Alternate Title

A Rawlsian Critique of the Political Speech Constraints on Charities


Public Reason, Section 501(c)(3), Lobbying, Political Campaigns, John Rawls, Political Speech, Charitable Organizations, Tax Exemption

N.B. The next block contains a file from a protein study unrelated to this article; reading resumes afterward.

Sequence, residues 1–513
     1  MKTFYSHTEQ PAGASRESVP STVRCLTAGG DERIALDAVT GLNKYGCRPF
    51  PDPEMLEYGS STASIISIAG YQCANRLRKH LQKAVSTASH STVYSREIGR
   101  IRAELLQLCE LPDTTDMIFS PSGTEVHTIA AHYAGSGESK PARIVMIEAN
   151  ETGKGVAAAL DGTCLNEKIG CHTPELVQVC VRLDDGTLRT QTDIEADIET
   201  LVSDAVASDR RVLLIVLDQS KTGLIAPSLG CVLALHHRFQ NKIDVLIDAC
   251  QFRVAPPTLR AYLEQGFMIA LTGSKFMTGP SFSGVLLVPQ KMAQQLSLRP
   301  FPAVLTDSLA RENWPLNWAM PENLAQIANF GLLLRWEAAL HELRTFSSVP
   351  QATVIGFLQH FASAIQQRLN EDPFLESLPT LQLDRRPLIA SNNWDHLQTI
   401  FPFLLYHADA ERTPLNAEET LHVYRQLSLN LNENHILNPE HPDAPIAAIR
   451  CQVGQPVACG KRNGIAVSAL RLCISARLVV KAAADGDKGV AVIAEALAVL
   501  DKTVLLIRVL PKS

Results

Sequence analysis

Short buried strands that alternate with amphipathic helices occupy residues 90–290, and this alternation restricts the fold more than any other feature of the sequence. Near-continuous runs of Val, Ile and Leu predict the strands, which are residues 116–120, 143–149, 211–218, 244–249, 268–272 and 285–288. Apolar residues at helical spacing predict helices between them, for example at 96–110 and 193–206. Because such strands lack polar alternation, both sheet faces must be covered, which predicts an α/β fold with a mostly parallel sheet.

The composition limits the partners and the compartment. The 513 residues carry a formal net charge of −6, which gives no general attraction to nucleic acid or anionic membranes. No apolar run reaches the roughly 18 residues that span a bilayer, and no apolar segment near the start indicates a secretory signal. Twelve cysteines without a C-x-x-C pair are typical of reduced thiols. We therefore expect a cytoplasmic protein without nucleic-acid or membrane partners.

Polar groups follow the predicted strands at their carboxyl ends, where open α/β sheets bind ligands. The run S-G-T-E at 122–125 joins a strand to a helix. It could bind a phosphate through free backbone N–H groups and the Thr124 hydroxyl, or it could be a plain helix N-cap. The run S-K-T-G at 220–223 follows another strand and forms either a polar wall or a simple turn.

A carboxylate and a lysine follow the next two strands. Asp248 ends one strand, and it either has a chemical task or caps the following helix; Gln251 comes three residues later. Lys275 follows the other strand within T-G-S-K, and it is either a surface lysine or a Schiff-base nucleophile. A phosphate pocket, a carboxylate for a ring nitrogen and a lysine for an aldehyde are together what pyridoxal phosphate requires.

This Essay analyzes whether the Rawlsian concept of public reason explains the substantive content of the lobbying limitation and the campaigning ban, and, more broadly, the implications of public reason for tax-exempt charities and their political speech. The question is notwhether public reasons—distinct premises and conclusions forming an argument—justify these provisions of law, but whether the political activity limitations of IRC § 501(c)(3) are properly understood to manifest or implement the ideal of public reason itself. Additionally, if these statutory constraints do not embody the ideal of public reason, do they offend it?



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